Post your views and questions about the Akai MPC2500
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By Sharris Thu May 31, 2018 10:47 pm
At least you're asking questions & doing a bit of research, so you're moving in the right direction!

It's tough to decide, there's a lot of great gear out there, it can be overwhelming. Especially when it has a $1,000 price tag. You feel pressure to make the right choice. But worse case, even if you end up not liking whatever you buy, you'll learn a lot from the experience & you can always sell it & move on.

Good luck!
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By saltmcgault Thu May 31, 2018 11:36 pm
If you can find one in good condition which you can i would. be prepared to spend some money upgrading it though. I have one and ill never get rid of it.
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By Christov Fri Jun 01, 2018 5:33 pm
Sure, why wouldn't it be. Got one for a steal myself last week, 500 euro with maxed out memory in factory condition. Haven't regretted it yet. Immediatly recognized the hd from my 1000 (which I'm gonna sell now) so I got all my beats, samples and chopped up breaks ready to go. The option to integrate a hd and having USB make it a no-brainer for me. Very usefull machine in 2018!
By Caustic Yoda Sun Jun 03, 2018 3:18 am
Yes they go for bargain prices, i love 2500 more than my new live which has dope modern features but in the end doesnt sound as good and feels pretty toy with the touch screen. really need both +sp303 and a digitakt to be happy tho. get a live when theyre cheaper unless you really need battery power
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By saltmcgault Tue Jun 05, 2018 9:26 pm
ZeusTheElevated wrote:i'd be lost without my 1k or 2500. definitely still okay to use these machines in today's bedroom producer scene


I think buying a mpc2500 was the best investment i ever made.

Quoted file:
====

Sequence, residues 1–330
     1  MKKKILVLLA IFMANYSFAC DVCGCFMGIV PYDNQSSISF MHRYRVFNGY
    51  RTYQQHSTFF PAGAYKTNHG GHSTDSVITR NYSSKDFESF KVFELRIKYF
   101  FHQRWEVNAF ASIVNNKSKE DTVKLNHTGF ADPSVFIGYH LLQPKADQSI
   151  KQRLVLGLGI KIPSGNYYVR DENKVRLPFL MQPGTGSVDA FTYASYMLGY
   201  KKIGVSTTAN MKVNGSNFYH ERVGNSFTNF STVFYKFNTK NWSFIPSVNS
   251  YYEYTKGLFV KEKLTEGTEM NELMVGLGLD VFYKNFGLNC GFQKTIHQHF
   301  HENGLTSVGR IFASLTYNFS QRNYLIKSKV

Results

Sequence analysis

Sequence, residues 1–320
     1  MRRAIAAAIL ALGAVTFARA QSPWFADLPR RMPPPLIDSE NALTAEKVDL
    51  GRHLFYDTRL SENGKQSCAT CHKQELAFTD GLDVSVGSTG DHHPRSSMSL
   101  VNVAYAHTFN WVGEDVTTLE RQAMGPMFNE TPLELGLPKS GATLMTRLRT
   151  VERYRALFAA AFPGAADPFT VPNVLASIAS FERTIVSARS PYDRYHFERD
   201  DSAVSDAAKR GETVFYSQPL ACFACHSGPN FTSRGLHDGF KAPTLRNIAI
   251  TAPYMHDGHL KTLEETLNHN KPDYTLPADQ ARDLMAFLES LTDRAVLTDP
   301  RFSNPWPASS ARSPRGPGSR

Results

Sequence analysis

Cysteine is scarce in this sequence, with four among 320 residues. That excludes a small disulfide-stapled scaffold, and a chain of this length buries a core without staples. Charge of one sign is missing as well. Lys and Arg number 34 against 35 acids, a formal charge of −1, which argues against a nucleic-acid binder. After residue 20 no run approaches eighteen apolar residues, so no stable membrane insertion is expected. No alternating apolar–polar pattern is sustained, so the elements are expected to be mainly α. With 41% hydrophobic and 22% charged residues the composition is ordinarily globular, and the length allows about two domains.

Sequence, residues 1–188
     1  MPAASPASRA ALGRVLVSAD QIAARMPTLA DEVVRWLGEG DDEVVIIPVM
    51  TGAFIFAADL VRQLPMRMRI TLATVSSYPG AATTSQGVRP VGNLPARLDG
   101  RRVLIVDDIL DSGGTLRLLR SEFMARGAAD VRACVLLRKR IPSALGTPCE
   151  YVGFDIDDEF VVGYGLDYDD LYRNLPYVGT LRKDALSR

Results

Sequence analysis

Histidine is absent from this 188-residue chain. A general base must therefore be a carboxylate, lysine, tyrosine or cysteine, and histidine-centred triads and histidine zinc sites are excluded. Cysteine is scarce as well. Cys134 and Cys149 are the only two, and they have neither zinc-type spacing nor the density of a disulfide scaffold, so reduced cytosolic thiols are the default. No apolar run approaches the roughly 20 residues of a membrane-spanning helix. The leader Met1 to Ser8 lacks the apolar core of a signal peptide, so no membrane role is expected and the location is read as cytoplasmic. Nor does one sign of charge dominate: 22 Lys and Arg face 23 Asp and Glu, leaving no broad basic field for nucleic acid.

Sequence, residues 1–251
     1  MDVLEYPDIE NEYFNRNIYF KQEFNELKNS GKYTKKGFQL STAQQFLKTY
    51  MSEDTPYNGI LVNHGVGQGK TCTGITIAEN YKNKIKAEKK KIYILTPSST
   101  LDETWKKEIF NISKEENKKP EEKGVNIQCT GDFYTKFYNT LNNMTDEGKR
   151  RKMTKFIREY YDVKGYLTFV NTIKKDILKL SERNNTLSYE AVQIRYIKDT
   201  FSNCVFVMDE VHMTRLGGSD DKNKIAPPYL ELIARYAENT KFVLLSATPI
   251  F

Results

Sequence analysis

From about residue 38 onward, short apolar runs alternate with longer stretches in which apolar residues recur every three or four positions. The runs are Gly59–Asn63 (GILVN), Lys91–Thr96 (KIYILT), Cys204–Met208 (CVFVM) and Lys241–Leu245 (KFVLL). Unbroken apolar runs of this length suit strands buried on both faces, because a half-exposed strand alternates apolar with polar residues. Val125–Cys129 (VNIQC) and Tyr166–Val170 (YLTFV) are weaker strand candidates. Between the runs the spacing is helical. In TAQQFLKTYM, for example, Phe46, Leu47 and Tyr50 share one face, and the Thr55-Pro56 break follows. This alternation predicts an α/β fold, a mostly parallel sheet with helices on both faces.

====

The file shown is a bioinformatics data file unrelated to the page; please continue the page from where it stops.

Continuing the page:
By Emilie Wed Jun 06, 2018 5:42 pm
I often find that my inspiration can flow more free when i use the mpc-2500 (or mpc-1000, doesn´t matter). I recommend this machine to all my friends, and they all laugh at me, but it is them that is missing out ;-). Go get it!
By ayatolli Sat Jun 09, 2018 11:03 pm
ZeusTheElevated wrote:i'd be lost without my 1k or 2500. definitely still okay to use these machines in today's bedroom producer scene


yoo you make dope ****! You did all that with the 1k SP404 and da zoom r8? daaamn! all the mixing and mastering too?
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By Wormhelmet Sat Jun 09, 2018 11:37 pm
Ok, I’m gonna give you a link to my post in Other Samplers and Beat Boxes section cuz I saw the other thread and you did mention portability. This thing has a 128 pad grid but you can hook up a 16 pad controller to it if ya gotta have 16 squares and are good at finger drumming. It fits perfectly in my Magma case for my Roland Boutique synths with the little 25 key keyed attached to give you an idea of how small it is. Takes the same kind of battery as most Vape’s do, so readily available and about 6 hours on battery

I was looking at getting an MPC 1000 for a portable unit back in 2014, then went nuts and bought a huge mv8800, then a 2nd mv8800 which was new old stock cuz I loved it so much, but then came back to looking at the MPC 1000’s again for portable. Then they announced the Live and X and I waited to see how support and promised features were. Was still waiting when I watched a Superbooth 2018 video on this Synthstrom Deluge and it’s upcoming arranger mode for songs which looks much like Ableton in a hardware box. I bought it last month and have experienced zero issues with it and support is amazing on it from the company.

It does not do slicing beats as good as an MPC or mv8000/8800, but that might get addressed in an update. It streams from SD card and workflow is crazy fast and rewarding.

I’m still considering a Live if they can do clip launches, stretching, and a few their things as well as this Synthstrom Deluge one day, but no hurry on that for me. This has been a game changer to the way I make music and is hands down the most creative box I ever bought. Not as deep as my mv8800’s, but I like it more already and I absolutely love my mv8800’s.